Farm Safety Is No Accident

By Staff

1408 N. Van Buren, Ottumwa, Iowa 52501

Did you know that 100 years ago a 1-year-old child had only a
50-50 chance of reaching adulthood? Scarlet fever, diphtheria and
other diseases took the lives of many children. Now, a 1-year-old
child has an excellent chance of growing up-if he does not have a
bad accident. Accidents cause more deaths to persons between the
ages of 15 and 24 than all other causes combined.

In 1968 the Iowa legislature passed a law requiring 14- and
15-year-olds who work off their parents farm doing certain
hazardous jobs to have 20 hours of classroom training, plus
demonstrating ability to operate a tractor with a two wheel trailed
implement on a course similar to 4H Tractor Operator’s Contest.
These hazardous jobs include the following:

1.  Handling and applying chemicals.

2. Handling or using explosives.

3. Serving as a flagman for spray planes.

4. Operating a tractor over 20 HP.

5. Operating self-unloading wagons.

6. Operating all power-driven farm implements.

7. Working on a ladder more than 20 feet high.

8. Working inside a silo or grain bin when being filled
from the top.

9. Working in a yard with a dairy bull, boar or stud horse.

Many of these things that apply to young children apply to
exhibitors of antique gas engines and tractors. I taught these
safety classes for six years, and our Teacher Manual had many pages
of Operator Activity Precautions, Protective Device Precautions,
Tractor Motion Precautions, Implement Precautions and Power Takeoff
Precautions. While these courses were primarily for tractor
operation, much of this material applied to gas engine operation.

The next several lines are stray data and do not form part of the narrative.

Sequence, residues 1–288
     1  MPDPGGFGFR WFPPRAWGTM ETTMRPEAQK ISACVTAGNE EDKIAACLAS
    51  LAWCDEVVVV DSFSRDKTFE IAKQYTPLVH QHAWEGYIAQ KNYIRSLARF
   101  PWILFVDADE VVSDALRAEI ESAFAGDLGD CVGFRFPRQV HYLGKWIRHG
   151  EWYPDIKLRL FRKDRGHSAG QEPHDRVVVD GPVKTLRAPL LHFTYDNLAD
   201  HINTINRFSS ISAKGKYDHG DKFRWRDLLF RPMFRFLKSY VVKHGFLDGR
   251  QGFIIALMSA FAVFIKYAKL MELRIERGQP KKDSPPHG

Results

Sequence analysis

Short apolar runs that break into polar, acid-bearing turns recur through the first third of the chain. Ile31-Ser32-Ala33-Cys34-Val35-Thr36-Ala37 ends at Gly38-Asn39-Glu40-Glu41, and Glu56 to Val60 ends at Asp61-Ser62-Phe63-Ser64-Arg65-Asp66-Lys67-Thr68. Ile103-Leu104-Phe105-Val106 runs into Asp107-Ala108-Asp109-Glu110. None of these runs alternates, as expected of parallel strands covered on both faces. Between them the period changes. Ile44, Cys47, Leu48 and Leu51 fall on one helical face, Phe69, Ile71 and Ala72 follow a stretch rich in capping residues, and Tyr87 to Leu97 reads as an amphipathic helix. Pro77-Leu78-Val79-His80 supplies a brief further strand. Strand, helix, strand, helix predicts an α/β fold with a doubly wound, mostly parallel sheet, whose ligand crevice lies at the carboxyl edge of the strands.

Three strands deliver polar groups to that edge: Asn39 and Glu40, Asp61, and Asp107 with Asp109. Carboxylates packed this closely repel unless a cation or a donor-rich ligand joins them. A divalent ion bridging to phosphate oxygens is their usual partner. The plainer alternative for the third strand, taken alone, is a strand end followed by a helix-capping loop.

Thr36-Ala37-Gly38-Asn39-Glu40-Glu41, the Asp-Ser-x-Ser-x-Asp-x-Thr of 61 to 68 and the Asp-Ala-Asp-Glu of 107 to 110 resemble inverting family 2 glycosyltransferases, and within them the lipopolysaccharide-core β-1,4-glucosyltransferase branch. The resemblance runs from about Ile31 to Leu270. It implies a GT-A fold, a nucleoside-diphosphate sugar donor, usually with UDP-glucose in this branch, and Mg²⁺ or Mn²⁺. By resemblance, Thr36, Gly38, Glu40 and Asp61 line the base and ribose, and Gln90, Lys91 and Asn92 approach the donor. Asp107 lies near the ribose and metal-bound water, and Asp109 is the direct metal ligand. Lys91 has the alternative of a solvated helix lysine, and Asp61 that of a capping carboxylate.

After completing the safety course the students were issued a
certificate that was to be shown to the employer before going to
work. An interesting side light in these classes were some farm
wives who took the course.

Accidents happen on the farm. On a farm nearby, a man lost an
arm and a leg in PTO on a portable corn elevator. Another
2-year-old boy lost a leg in an auger accident. I had both of these
fellows attend my safety classes to show the effects of
carelessness. It really impressed the young students. The
two-year-old boy is now in his early 20’s and with only one leg
he water skis and has a pilot’s license. The other fellow has a
bookkeeping service.

One of the hazards was the danger of hydraulic oil leakage. A
pin hole leak in a hydraulic line can force penetration of skin
causing serious infection. If a leak is suspected, check it with a
piece of paper or board. I demonstrated this by using a diesel
injection nozzle tester, showing the spray from the nozzle
penetrating a leather glove.

Another fellow I worked for lost parts of both hands in saw mill
accidents. In two different accidents he lost all of his right hand
except his thumb. In another accident he lost two fingers on his
left hand.

A wood saw accident took the life of one of my neighbors when he
fell on the blade.

While I did not see this accident, I saw an Allis-Chalmers baler
that had killed a farmer.

Some years ago, one of our tenants was combining oats with a
pull type combine. His brother was riding on the combine, and when
the reel became tangled with some weeds they stopped the tractor,
but did not shut off the PTO. One of the men cleaned off the reel
and then reached down for some weeds on the sickle. He let out a
scream, ‘I cut my hand off.’ When I got him, I found he had
cut off two fingers. I made a tourniquet to shut off the blood.
This tragedy was something I have remembered all of my life.


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